THE Republic of Ireland may not be in South Africa but supporters of the Boys in Green will have savoured France’s defeat to Mexico last night, a result that leaves Raymond Domenech’s side staring at the prospect of saying an early ‘au revoir’ to the 2010 World Cup.
Few will shed any tears at their current plight. To add to the delight of those of a bitter disposition, there was more than a hint of controversy about the second-half goal that put Mexico on the road to victory last night.
New Manchester United striker Javier Hernandez, a second-half sub, looked suspiciously close to being offside when he enhanced his burgeoning reputation by racing on to Rafael Marquez’s pass, rounding goalkeeper Hugo Lloris and coolly slotting home at the Peter Mokaba Stadium in Polokwane.
Add that to the penalty France were denied against Uruguay in their opening game when a Thierry Henry shot – who else? – appeared to handballed in the penalty area, and it’s easy to see why Domenech’s men will feel the footballing gods have been against them.
Few will sympathise though, as it seems that what goes round does indeed occasionally come round.
France’s fate was sealed when veteran striker Cuauhtemoc Blanco scored a 79th-minute penalty after Eric Abidal brought down Pablo Barrera. The result left Domenech shattered.
“I have no words,’’ he said. “It’s a real disappointment for all those who believed. The match turned on one moment and we didn’t know how to respond. Pity. There are good intentions, desires, but there is still something that didn’t quite work out. I have no words. It’s more than disappointing.
“I do not know what I will tell my players. There’s still a game to go but we need a miracle. We’ll have to be tough and play for honour. There is still something to play for. We must react. We must at least show something in the last game. If we’re depending on other results, we’ll have no control. I’m feeling very low.”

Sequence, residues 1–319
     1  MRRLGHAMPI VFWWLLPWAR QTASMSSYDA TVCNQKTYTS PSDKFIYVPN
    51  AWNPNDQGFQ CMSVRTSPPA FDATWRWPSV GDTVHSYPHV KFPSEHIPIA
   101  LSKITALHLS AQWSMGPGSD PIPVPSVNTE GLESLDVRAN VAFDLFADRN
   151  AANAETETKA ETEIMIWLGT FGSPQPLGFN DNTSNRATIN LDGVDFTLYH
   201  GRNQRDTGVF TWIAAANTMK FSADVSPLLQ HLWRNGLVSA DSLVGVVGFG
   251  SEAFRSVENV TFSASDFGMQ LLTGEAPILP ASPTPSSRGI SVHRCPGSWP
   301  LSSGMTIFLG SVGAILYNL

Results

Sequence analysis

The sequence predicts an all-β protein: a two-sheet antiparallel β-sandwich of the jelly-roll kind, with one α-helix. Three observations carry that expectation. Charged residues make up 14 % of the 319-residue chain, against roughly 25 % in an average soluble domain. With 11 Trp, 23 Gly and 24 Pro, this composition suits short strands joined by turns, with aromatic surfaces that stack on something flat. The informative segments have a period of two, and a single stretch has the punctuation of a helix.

Florent Malouda said he was ashamed by France’s display and called for them to salvage some pride in their final Group A game against South Africa.
“We must save our honour because it is shameful to lose like that. Whatever happens, we can not leave the competition without winning a match,’’ the Chelsea winger said.
It was Mexico’s first win over France and no less than they deserved after a performance full of vigour and attacking invention.
Most of the fluid, attacking football was played by Mexico, particularly before the interval.
Uruguay’s win over South Africa on Wednesday night to go top of the group had increased the pressure on both sides but they responded with some refreshingly open, if not decisive, play.
Early on Franck Ribery’s 35-yard free-kick bounced in front of Oscar Perez but, unlike Algeria’s Faouzi Chaouchi who blundered on this semi-artificial pitch on Sunday, the Mexico goalkeeper collected easily.
But whereas France were restricted to set-pieces, Mexico looked dangerous from open play.
Marquez’s ball over the top saw three team-mates set off in pursuit; Arsenal’s Carlos Vela reached it first but could not keep his 12-yard volley down. Former West Ham striker Guillermo Franco was no closer when he turned William Gallas on the edge of the area.
Mexico left-back Carlos Salcido twice went close, drilling wide of Lloris’ left-hand post and then shooting straight at the goalkeeper.
Even the loss of Vela, being watched by Arsenal boss Arsene Wenger, to injury just after the half-hour did not interrupt the Mexicans’ fluency as sub Pablo Barrera was straight into the action when Lloris punched Salcido’s cross against him and was fortunate to see the ball bounce wide.
Giovani dos Santos flashed a shot wide before Jeremy Toulalan was booked in added time, ruling him out of France’s final group match against South Africa.
The second half began with Andre Pierre Gignac coming on for Nicolas Anelka and Chelsea team-mate Florent Malouda, restored to the starting line-up at the expense of Yoann Gourcuff, having a shot tipped over by Perez.
But the introduction of Hernandez for Efrain Juarez soon after had an almost immediate impact. His pace took him clear – though there were questions of offside – and his talent did the rest.
When Abidal brought down Barrera, Blanco side-footed home from the spot. A draw against Uruguay will put both sides through and send France home, whatever their result against the hosts.
Subs for France: Gignac for Anelka 46, Valbuena for Govou.
Subs for Mexico: Barrera for Vela 31, Hernandez for Juarez 55, Blanco for Franco 62.
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